Blog Article

What have the financial services sector and the civil service got in common?

Posted by Graham Atkins

Graham Atkins

Quite a lot as it happens. Besides the obvious things like scale, utility and complexity, it is clear that both are facing the challenge of a generation. In the case of financial services, this is about rebuilding trust in some of our oldest institutions whilst fundamentally changing the business model of our banks; meanwhile the civil service is downsizing by over a quarter whilst pushing through the biggest series of policy reforms seen for decades, in order to rebalance the economy.

Recently I’ve been following how the respective sectors have been tackling the leadership challenges that these situations pose and have been struck by the similarities in approach.

1. The current position is unsustainable. First off, both are clear that the current position has to change – doing nothing is not an option. Leaders have envisioned a future that is brighter than the current and use disruptive innovation to challenge long held assumptions about what success looks like. In their minds, the case for change is crystal clear. This was also identified by Hay Group in our recent research Appearances can deceive which explores how the financial services sector can transform.

I heard a lovely analogy recently about the current troubles at Blackberry, and noted how Apple may be leapfrogged by Samsung as the default smartphone provider of the future. Critically, we as consumers have a choice about which phone we choose. As leaders, it is not within their control how the market (or ministers and the public) respond. In much the same way, the government’s transparency agenda provides a strong parallel to empower citizens to drive improvement.  The old adage of customer is king still holds true

2. Digital transformation and people transformation. In terms of what to change, the priorities are also clear – nothing short of a complete transformation of mental fitness (clear strategy and focus), building a stronger heart (culture and people), and increased physical fitness (process and structural change). In the past it may have been sufficient to focus on physical fitness. In recent times, leaders on both side of the fence are prioritising ‘the heart’ be that changing sales behaviour in branches, or restoring pride in the public sector (72% of public sector workers do not feel proud to work in the public sector). As in economics, if people do not believe in brighter future, they won’t take the risks required to make it a reality. Therefore, people change is a pre-cursor to digital transformation and both sectors are actively delivering major programmes of change in both.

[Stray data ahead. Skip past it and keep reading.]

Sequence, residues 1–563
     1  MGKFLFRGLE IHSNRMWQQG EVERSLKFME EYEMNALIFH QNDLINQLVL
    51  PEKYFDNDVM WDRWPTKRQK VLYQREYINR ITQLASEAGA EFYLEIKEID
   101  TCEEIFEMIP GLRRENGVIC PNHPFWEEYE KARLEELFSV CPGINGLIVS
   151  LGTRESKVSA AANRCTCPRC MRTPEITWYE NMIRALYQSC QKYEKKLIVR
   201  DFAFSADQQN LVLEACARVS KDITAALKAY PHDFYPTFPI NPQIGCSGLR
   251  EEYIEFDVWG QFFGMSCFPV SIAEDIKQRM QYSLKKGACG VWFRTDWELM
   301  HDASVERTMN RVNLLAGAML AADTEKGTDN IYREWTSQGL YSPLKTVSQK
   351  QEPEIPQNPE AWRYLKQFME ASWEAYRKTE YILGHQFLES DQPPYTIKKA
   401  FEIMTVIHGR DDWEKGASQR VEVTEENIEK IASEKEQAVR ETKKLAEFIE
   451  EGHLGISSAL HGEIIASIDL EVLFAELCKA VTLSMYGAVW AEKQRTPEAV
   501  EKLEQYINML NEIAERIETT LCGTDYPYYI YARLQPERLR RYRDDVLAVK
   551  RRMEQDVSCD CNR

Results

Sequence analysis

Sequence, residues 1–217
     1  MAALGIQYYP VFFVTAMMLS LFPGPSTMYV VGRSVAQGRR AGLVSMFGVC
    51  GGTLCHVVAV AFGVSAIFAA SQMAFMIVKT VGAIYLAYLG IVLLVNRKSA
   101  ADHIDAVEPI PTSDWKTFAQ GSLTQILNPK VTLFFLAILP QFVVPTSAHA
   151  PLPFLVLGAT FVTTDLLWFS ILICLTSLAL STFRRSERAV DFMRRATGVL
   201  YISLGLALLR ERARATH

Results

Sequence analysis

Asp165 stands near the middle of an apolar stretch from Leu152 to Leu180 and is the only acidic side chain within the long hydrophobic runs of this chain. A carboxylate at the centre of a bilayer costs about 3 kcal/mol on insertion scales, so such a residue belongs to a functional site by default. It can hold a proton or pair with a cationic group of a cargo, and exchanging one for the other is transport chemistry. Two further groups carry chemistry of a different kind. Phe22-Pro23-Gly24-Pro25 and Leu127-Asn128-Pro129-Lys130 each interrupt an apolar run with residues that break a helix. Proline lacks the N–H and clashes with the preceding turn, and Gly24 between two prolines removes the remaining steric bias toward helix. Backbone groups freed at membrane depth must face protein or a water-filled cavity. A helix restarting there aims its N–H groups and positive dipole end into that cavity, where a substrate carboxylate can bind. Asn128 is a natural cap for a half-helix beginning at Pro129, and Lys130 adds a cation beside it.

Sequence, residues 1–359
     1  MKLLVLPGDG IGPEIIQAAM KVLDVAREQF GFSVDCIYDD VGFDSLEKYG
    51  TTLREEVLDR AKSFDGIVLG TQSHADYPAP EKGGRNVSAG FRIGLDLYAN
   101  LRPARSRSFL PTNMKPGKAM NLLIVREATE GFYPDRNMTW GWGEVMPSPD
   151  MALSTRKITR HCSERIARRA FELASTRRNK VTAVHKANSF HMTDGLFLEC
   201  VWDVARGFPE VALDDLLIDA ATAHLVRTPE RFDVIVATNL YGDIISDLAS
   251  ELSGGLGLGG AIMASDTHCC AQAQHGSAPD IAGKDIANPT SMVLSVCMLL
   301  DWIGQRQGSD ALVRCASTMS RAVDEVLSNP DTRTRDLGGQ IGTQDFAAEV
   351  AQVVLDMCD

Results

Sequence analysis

3. Leadership drives culture drives performance.  I heard a compelling explanation of why a leader invests his time in leadership and culture at a recent meeting. It is not because he is a nice chap (I expect he is), but it is because he knows that these things drive business performance. Authenticity is the key word here, especially when talking about values and behaviours and I was left thinking how important this is during times of great change. It also reminded me that increasingly we see ‘integrity’ feature as an organisational value – after all, how else can we stay true to the cause and sleep at night?

4. The role of leader: is it doable? This question challenges us to test whether human ingenuity can overcome the significant challenges facing these behemoths of British society. However, I have a question for these leaders who are undoubtedly making great strides with their respective organisations; if change happens by one person doing one thing differently, then how are they changing personally through this process of transformation?  I am sure they are in some way, but we may have to wait until we read their memoirs to discover how it really felt on the inside.


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